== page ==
That's the question asked by a serious survey of megadata (that stuff that our NSA gathers to look for terrorists, except this uses legally available information on groups rather than individual data collected surreptitiously). It turns out the magic number seems to be about 5%. Personally I think the number of closeted gays is severely underestimated due to the total lack of any gay-related activity to document. It is extremely difficult if not impossible to reveal a lie when a person is lying to himself. None the less, a few extracts: How the study was done:
Using surveys, social networks, pornographic searches and dating sites, I recently studied evidence on the number of gay men. The data used in this analysis is available in highly aggregated form only and can be downloaded from publicly accessible sites. While none of these data sources are ideal, they combine to tell a consistent story.That "magic number" result:
At least 5 percent of American men, I estimate, are predominantly attracted to men, and millions of gay men still live, to some degree, in the closet.Mother always knows, and so does your wife:
Additional evidence that suggests that many gay men in intolerant states are deeply in the closet comes from a surprising source: the Google searches of married women. It turns out that wives suspect their husbands of being gay rather frequently. In the United States, of all Google searches that begin "Is my husband...," the most common word to follow is "gay." "Gay" is 10 percent more common in such searches than the second-place word, "cheating." It is 8 times more common than "an alcoholic" and 10 times more common than "depressed."And the one anecdotal example says a lot:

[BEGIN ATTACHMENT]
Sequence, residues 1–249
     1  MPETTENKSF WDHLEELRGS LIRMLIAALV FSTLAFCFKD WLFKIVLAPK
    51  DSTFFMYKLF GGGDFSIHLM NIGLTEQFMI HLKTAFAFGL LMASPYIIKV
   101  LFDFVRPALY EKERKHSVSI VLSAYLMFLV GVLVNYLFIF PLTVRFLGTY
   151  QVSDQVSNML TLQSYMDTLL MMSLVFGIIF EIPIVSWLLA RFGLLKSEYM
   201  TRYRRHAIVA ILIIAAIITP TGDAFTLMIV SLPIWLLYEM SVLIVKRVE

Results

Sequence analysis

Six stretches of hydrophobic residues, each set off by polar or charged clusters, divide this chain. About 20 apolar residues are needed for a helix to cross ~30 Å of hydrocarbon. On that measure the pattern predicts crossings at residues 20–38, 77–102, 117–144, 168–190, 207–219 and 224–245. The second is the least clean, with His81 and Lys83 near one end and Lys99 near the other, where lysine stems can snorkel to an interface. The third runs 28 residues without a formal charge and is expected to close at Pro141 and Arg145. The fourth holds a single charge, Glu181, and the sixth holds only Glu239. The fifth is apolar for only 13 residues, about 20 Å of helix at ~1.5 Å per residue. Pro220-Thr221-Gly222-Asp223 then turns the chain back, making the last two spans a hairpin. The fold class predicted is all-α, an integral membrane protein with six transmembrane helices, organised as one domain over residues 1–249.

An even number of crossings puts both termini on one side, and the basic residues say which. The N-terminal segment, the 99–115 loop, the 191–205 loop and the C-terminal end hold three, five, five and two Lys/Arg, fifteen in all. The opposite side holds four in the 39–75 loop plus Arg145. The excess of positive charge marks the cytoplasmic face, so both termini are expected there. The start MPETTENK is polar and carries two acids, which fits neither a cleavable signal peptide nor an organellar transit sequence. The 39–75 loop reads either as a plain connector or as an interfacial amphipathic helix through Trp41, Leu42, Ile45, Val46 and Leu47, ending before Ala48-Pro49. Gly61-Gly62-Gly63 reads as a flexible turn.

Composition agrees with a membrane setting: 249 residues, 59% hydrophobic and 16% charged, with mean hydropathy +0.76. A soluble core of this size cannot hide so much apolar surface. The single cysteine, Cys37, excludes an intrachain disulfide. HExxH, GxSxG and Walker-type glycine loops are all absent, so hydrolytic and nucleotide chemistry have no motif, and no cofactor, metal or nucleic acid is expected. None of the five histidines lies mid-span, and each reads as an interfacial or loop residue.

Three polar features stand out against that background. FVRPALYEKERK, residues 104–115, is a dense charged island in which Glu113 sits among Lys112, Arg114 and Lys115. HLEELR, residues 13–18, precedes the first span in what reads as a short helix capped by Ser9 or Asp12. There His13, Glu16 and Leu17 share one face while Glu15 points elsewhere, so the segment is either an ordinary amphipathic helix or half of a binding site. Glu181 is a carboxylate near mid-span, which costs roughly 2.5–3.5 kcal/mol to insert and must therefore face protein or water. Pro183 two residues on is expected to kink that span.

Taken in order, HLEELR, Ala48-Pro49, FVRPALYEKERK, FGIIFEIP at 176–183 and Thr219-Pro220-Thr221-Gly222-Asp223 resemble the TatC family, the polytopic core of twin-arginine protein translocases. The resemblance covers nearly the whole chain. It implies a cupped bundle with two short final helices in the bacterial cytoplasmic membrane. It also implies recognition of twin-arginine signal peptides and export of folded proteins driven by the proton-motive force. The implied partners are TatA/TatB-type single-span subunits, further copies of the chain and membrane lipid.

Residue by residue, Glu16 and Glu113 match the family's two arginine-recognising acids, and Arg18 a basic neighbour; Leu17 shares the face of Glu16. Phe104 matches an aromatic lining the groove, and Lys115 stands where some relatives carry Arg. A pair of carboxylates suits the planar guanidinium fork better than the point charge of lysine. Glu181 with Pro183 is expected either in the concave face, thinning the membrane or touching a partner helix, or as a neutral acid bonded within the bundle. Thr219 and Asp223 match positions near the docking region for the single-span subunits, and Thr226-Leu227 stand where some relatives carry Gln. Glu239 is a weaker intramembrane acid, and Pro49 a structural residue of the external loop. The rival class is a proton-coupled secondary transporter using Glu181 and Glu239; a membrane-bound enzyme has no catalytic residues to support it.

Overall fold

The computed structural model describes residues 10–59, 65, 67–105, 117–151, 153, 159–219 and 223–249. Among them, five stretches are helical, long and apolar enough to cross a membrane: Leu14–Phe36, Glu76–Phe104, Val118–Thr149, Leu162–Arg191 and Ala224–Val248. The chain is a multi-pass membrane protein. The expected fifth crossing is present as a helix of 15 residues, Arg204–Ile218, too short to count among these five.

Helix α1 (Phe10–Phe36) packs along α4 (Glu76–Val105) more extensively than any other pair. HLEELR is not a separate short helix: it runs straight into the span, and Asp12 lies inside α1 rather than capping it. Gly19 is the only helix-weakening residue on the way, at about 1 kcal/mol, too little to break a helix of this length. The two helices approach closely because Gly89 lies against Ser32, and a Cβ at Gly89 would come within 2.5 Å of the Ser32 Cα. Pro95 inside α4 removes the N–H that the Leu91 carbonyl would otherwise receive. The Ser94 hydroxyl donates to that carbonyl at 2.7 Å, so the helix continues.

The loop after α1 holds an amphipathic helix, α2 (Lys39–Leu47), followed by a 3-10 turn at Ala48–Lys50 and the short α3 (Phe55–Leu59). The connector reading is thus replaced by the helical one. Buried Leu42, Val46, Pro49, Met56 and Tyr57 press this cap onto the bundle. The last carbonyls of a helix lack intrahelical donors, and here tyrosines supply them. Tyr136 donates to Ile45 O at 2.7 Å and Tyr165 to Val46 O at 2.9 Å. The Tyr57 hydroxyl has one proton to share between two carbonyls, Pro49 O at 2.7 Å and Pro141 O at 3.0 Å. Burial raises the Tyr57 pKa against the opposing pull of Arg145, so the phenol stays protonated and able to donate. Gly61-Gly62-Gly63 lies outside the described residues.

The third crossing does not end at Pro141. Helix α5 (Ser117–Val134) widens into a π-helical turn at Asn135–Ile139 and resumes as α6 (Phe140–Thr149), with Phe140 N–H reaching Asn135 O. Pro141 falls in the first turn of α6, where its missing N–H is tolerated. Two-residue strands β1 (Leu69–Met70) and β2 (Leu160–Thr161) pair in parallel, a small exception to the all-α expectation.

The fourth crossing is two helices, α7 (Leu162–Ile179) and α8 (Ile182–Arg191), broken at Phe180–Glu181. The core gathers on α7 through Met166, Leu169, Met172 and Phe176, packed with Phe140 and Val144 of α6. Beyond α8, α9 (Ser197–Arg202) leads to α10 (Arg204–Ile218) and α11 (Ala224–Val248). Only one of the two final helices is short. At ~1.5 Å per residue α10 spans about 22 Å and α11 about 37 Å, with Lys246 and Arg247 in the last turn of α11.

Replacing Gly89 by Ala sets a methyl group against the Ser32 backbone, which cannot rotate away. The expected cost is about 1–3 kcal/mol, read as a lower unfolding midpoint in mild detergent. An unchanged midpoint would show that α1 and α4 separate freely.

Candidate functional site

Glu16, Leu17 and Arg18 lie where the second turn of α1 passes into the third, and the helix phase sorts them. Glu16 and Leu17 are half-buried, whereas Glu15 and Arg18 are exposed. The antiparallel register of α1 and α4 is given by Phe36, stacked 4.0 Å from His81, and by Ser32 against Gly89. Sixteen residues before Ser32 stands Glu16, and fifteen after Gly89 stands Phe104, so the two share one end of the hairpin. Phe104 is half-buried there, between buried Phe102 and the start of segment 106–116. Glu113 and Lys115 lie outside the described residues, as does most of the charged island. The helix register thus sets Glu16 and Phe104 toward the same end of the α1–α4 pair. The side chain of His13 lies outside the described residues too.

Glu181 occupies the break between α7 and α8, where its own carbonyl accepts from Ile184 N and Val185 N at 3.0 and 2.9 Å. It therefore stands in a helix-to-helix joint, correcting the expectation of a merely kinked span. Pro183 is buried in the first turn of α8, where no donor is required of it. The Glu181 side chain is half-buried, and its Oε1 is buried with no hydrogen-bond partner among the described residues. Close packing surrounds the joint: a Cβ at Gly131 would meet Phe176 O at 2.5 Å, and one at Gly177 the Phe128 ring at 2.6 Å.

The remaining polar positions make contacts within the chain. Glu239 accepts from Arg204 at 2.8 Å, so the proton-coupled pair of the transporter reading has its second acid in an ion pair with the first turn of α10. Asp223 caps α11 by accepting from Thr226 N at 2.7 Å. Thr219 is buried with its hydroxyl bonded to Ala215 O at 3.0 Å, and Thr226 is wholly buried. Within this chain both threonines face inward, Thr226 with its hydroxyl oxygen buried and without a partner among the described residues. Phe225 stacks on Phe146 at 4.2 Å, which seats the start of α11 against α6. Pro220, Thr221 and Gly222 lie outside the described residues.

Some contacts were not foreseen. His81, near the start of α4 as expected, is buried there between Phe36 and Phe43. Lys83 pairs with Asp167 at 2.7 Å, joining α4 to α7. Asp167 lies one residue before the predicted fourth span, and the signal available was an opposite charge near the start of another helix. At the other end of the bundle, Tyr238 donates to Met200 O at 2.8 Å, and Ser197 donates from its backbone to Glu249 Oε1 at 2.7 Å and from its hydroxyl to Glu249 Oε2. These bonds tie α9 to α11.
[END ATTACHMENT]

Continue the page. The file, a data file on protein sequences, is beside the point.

SOMETIMES even I get tired of looking at aggregate data, so I asked a psychiatrist in Mississippi who specializes in helping closeted gay men if any of his patients might want to talk to me. One man contacted me. He told me he was a retired professor, in his 60s, married to the same woman for more than 40 years. About 10 years ago, overwhelmed with stress, he saw the therapist and finally acknowledged his sexuality. He has always known he was attracted to men, he says, but thought that that was normal and something that men hid. Shortly after beginning therapy, he had his first, and only, gay sexual encounter, with a student of his in his late 20s, an experience he describes as "wonderful." He and his wife do not have sex. He says that he would feel guilty ever ending his marriage or openly dating a man. He regrets virtually every one of his major life decisions. The retired professor and his wife will go another night without romantic love, without sex. Despite enormous progress, the persistence of intolerance will cause millions of other Americans to do the same.I suspect this man is in the majority of gay men in the USA rather than the minority, and our recent political tilt toward the right, despite the progress of gay rights laws, helps to explain it: the more common openly gay men become the deeper closeted gays must dig to stay closeted. Religious self-righteousness is a perfect foil, and we are perhaps the most overtly religious nation outside the Muslim world.